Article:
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Billionaires' Row Co-op Board Just Says No to Weed Shop

Midtown, Manhattan

Co-op board, lawsuit, zoning laws, marijuana dispensary, neighborhood character.

The co-op board at 200 Central Park South has filed a lawsuit to keep a smoke shop out of the building.

Sept. 1, 2022

The co-op board at 200 Central Park South has sued developer Ashkenazy Acquisition for allegedly leasing the building’s ground-floor retail space to a smoke shop that could feature a marijuana dispensary, Crain's reports. The board, saying the store would diminish the character of the property, filed the suit Tuesday in state Supreme Court

The board said in court papers that a build-out has already begun, and signage at the space indicates that a tobacco and convenience store will be opening soon. It’s unclear why the board suspected the space could be a marijuana dispensary. “This is in breach of the master lease … which prohibits [the] tenant from permitting use of the premises in a manner that would detract from the dignity of the building,” the board said in court papers.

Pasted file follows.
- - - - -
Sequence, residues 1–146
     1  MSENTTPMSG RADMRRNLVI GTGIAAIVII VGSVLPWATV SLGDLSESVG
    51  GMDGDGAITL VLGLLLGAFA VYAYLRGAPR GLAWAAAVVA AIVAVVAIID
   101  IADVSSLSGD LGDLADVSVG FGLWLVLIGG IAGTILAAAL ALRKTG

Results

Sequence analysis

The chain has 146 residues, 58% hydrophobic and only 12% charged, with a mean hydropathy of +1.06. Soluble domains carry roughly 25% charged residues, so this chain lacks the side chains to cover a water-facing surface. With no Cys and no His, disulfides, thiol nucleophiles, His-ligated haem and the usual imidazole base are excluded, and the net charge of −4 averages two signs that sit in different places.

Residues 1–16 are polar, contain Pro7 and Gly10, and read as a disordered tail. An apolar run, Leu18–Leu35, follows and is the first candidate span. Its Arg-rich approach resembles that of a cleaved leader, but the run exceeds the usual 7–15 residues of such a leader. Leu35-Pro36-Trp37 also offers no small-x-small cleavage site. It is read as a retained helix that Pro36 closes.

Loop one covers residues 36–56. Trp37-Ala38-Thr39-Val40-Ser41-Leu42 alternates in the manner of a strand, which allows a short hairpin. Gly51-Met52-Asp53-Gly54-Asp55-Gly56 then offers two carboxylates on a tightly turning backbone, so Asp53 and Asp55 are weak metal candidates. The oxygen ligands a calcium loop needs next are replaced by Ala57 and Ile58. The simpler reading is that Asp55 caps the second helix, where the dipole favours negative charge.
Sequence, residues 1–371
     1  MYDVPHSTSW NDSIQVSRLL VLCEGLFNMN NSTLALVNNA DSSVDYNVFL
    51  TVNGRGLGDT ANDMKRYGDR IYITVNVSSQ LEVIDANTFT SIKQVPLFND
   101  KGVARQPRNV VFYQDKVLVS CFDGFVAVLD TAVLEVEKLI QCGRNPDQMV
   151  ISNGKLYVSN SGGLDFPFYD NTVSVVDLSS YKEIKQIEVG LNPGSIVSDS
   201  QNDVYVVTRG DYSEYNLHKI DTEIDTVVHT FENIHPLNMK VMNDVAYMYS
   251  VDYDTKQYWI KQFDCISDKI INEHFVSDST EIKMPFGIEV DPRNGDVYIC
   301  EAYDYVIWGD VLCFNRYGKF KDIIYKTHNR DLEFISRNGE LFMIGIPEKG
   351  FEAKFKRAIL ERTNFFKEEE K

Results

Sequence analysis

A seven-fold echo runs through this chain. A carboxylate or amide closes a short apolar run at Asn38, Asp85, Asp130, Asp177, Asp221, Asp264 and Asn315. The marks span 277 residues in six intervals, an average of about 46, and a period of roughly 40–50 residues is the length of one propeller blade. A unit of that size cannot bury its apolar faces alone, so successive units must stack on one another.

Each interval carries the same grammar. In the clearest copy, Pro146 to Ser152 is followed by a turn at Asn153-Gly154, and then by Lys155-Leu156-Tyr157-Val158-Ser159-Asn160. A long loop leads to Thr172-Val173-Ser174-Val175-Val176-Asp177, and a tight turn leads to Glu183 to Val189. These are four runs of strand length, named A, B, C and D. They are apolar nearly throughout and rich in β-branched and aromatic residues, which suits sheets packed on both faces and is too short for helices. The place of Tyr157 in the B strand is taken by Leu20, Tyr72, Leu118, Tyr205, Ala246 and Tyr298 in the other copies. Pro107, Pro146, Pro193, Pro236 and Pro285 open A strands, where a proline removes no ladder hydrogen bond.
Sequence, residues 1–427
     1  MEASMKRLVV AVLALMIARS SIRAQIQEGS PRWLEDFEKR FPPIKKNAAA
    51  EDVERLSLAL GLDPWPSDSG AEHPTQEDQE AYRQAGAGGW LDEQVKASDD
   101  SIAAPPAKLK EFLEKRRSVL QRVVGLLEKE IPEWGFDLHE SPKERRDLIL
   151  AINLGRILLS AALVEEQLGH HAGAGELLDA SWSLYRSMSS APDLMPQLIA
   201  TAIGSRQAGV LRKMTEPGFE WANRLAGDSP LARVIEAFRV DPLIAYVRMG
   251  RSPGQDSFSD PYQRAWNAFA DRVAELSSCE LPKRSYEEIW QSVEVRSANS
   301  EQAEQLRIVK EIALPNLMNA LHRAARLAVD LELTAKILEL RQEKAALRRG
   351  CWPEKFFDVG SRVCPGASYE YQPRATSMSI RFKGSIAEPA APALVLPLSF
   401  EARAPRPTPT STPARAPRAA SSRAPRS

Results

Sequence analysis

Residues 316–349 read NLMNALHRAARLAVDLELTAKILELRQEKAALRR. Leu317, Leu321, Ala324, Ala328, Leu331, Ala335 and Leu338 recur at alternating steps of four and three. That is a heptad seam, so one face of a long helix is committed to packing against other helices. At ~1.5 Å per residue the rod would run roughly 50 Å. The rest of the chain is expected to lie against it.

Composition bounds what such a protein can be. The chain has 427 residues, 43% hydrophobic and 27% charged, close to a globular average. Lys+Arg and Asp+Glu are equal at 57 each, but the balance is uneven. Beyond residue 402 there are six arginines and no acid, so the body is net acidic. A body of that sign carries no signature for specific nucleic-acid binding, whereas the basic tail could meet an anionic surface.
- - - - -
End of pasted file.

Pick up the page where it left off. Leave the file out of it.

The board also wrote that the store is in violation of state law because it is located within 500 feet of a school, likely referring to the St. Thomas Choir School a block away at 202 W. 58th St. The board further claimed that the use is inconsistent with the building’s C-5 zoning, which dictates that neighborhood character must be preserved in a retail space.

The attorney representing the building’s residents, Thomas Smith of Smith Buss & Jacobs, says the issue is nearly resolved, but he would not share details of whether a smoke shop would open there.

A representative for Ashkenazy Acquisition did not respond to a request for comment.

Around the city, smoke shops have been cited for illegally offering marijuana products for sale without a license. The state Office of Cannabis Management has sent at least 17 cease-and-desist letters to businesses in the city for selling marijuana without a license. Currently no retailers in New York City have a license to sell adult-use cannabis, not including medical cannabis. 

Mayor Eric Adams said in June that he would not play hardball with businesses illicitly selling marijuana but would rather help them join the legal market as it rolls out in the city.

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